I heard on the radio recently that Aaron Sorkin, currently in the news with the launch of his new HBO series The Newsroom, has said that if he were writing his first play (& movie), A Few Good Men, today, he would definitely want to make some changes. I say, Great! Let’s start with the lead character — Lt. Daniel Kaffee, played by Tom Cruise in the movie. Kaffee is a J.A.G. military attorney, the quick-witted son of a famous and accomplished lawyer, but when the show starts, he’s been slacking his career away in Pleabargainville, famous in his office for never having actually seen the inside of a courtroom. When it really matters, though, he steps up to the plate and hits a home run, saving two young men from an undeserved fate and, against all odds, getting the real villain to reveal himself.
That must have been an enormously fun role to play (Cruise got to call Demi Moore “galactically stupid!”), but Kaffee is a terrible role model for attorneys, or for that matter for any worker. Imagine how you would feel if, as your flight to London took off from Dulles, you heard this announcement: “Good evening, passengers; this is Captain Kaffee, and I’ll be flying you across the Atlantic tonight. I’ve never actually flown a plane before, but I have been loading luggage for the past 9 months! Anyway, my dad was a test pilot for the Air Force. So you just sit back and relax.”
There is a part of our collective mythology that revels in the natural hero. Superman is the ultimate; he can fly and lift buildings and check to see if Lois Lane is wearing Victoria’s Secret just because he was born that way. You never see Superman working out or practicing for hours to master martial arts disciplines. He didn’t have to spend 10 years as an associate superhero, working his way up from just handling the paperwork on supervillain arrests, then maybe — with supervision — stopping a few jaywalkers and litterbugs, before finally being deemed ready to face, by himself, a minor evil genius bent on ruling Vermont. And Superman almost never learned by his mistakes, simply because he almost never made them.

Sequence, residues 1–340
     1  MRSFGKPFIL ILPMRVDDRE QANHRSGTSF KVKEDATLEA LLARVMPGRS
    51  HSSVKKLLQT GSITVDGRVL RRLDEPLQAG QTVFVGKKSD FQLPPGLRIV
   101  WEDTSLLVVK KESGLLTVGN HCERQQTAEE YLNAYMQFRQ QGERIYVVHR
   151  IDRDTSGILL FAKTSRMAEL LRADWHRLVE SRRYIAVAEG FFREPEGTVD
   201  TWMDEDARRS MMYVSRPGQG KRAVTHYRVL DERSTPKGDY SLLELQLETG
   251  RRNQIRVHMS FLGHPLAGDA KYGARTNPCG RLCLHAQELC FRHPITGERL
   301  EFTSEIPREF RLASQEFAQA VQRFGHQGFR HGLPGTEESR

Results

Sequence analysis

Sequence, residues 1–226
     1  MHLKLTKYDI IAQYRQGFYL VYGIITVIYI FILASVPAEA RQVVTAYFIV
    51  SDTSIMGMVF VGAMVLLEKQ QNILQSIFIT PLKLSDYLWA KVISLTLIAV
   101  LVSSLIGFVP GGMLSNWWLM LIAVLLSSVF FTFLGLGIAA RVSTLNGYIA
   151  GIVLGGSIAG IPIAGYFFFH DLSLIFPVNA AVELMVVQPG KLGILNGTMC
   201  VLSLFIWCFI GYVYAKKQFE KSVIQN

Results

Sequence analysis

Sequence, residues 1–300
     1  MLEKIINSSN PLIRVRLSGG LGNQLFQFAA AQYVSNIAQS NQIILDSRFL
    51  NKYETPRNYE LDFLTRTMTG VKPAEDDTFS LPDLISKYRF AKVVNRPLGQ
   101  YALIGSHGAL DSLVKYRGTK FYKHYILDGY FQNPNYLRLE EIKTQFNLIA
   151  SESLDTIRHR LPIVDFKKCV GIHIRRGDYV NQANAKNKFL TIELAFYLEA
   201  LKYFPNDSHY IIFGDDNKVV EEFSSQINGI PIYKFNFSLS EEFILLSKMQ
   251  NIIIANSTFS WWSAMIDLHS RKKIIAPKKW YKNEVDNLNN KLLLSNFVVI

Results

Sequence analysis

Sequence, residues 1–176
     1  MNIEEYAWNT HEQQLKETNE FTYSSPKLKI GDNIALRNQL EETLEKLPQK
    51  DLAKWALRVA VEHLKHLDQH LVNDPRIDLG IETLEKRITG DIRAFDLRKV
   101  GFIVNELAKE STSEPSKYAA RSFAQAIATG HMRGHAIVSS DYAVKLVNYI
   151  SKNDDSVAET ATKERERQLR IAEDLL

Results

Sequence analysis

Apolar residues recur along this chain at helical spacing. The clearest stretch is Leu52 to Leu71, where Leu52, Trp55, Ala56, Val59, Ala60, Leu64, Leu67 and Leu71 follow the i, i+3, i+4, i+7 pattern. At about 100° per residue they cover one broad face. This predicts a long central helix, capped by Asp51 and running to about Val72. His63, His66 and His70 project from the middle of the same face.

Whatever the appeal of the natural hero, it’s no good for the workplace. People aren’t just born great attorneys, or airplane pilots, or massage therapists. They need to work at it, for years, to figure out all the details, to develop all the necessary skills and knowledge, to build their strengths by working on increasingly complex and difficult projects, and to make (or see other people make) mistakes so they can learn how to avoid them.
Batman — now, he’s a good hero for the workplace. Not that he wasn’t born with certain advantages — a fine physique, a sound mind, many millions of dollars in assets — but those are not what made him a hero. He spent years training and developing his skills in a wide range of disciplines, single-mindedly pushing himself towards one all-consuming goal (distributing vigilante justice while dressing as flying vermin in latex). He even mentors young associates!
So, while I enjoy watching Tom Cruise and Jack Nicholson (who I thought could not have been more badly miscast, but then along came As Good As It Gets . . .) slapfighting in the courtroom scenes, I never watch A Few Good Men without wistfully thinking of a real fictional lawyer hero: Atticus Finch, from To Kill a Mockingbird. He is Batman to Kaffee’s Superman. We know that Atticus has plied his practice for years, that he has slowly developed the skills and reputation that make him the effective professional he is. We see him working late, not just cramming like Kaffee (who actually makes his two co-counsel do all the research!), but steadily plowing away over the long haul. And we even see Atticus fail.
In short, Atticus Finch and Batman are human. They are real career heroes because they become great in the face of that humanity — imperfection, the need to develop, and the time it takes to meet that need. If you are an alien rocketed to Earth to escape an exploding sun, you can afford to ignore their example. But the rest of us need to keep them in mind.